The Lodge of Sorrow
The Elks conduct a special ceremony called a "Lodge of Sorrow" to honor their departed members and part of that ceremony included the Eleven O-Clock Toast.
The History of the Lodge of Sorrow
At every meeting of the BPOE, and every social function, when the hour of 11:00 p.m. tolls, the Lodge conducted a charming ceremonial known as the "Eleven O'clock Toast." In fact, the clock tolling the eleventh hour is part of the BPOE official emblem, and is directly behind the representation of an elk's head in the emblem of the Order.
Regular meetings of Subordinate Lodges have always been held at night. In the earlier days, they were usually held on Sunday nights and were concluded about eleven o'clock. As the participants departed, the members made inquiries about the absent members and expressed sympathetic interest in the causes of their absence.
It soon became a custom for some member to propose a toast to the Brothers who were not present. And in the course of time, this custom was quite generally observed whenever a group of Elks were together at eleven o'clock. Eventually, the Grand Lodge specifically provided for such a ceremonial to be observed during Lodge sessions; and designated it as "The Eleven O'clock Toast." Under this provision, whenever a Lodge was in session at that hour, the regular order of business was suspended for a few moments while the Exalted Ruler recited the beautiful ritual prescribed, concluded with the words: "To our absent Brothers"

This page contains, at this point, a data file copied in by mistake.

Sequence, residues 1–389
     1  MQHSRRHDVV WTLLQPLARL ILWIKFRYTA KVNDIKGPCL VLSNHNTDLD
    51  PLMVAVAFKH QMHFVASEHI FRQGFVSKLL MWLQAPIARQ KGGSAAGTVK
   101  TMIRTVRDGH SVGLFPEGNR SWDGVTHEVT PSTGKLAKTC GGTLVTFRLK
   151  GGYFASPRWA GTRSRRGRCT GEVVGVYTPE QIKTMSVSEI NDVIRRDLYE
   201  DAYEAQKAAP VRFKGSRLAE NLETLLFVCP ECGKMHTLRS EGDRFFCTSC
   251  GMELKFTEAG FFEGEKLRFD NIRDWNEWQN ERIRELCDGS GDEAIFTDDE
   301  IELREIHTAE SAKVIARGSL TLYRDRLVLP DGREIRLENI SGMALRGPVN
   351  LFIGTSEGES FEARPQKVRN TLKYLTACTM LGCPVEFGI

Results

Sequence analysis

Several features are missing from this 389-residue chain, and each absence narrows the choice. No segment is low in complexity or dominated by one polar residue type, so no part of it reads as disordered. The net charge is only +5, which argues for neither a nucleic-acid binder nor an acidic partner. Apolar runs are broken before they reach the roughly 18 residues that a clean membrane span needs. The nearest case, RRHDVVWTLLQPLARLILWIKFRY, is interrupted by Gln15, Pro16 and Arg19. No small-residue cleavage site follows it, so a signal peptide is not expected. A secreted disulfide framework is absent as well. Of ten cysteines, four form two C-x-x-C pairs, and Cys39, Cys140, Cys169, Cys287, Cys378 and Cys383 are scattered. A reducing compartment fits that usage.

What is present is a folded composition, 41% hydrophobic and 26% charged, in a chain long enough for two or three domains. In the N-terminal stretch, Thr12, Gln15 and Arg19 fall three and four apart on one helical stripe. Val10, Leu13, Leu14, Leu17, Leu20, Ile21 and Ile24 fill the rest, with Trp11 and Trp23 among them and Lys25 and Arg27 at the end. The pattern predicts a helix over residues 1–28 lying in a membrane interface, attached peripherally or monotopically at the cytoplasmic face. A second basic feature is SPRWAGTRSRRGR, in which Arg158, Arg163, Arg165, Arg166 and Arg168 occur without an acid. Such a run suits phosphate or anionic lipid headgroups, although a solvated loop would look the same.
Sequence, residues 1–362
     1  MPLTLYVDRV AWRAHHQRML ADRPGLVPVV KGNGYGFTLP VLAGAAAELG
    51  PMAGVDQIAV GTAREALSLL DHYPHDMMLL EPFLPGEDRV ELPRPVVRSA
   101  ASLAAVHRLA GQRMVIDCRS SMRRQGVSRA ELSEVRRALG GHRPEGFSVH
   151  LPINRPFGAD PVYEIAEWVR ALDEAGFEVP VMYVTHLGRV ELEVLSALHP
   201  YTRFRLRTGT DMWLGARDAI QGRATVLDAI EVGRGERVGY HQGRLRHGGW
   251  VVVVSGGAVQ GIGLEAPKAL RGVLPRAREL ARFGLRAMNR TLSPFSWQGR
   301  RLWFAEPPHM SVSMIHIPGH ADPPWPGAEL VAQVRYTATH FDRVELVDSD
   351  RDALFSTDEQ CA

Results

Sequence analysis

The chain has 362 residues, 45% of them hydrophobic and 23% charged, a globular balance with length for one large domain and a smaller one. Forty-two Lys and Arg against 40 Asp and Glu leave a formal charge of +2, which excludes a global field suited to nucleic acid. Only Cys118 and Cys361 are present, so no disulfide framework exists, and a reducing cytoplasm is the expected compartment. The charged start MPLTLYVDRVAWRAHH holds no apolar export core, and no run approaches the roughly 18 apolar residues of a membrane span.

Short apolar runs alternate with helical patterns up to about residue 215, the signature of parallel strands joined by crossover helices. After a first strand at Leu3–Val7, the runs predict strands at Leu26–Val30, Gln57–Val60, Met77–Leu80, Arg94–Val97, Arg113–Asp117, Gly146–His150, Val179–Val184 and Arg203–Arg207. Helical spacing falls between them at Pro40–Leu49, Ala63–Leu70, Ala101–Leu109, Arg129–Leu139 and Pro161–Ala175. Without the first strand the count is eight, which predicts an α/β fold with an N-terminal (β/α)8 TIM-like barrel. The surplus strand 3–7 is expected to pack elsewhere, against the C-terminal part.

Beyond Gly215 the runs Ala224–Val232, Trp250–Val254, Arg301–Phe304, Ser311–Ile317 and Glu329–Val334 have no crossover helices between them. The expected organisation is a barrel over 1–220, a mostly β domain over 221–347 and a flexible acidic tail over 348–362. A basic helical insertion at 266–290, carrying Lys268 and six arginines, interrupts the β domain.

Since women were permitted to join the Elks since 1995, the toast is now pronounced as "To our absent Members."
The Eleven O'Clock Toast
"You have heard the tolling of eleven strokes.
This is to remind us that with Elks
the hour of eleven has a tender significance.
Wherever an Elk may roam,
Whatever their lot in life may be,
when this hour falls upon the dial of night
the great heart of Elkdom swells and throbs.
It is the golden hour of recollection,
the homecoming of those who wander,
the mystic roll call of those who will come no more.
Living or dead, an Elk is never forgotten, never forsaken.
Morning and noon may pass them by,
the light of day sink heedlessly in the West,
but ere the shadows of midnight shall fall,
the chimes of memory will be pealing forth
the friendly message --
"TO OUR ABSENT MEMBERS"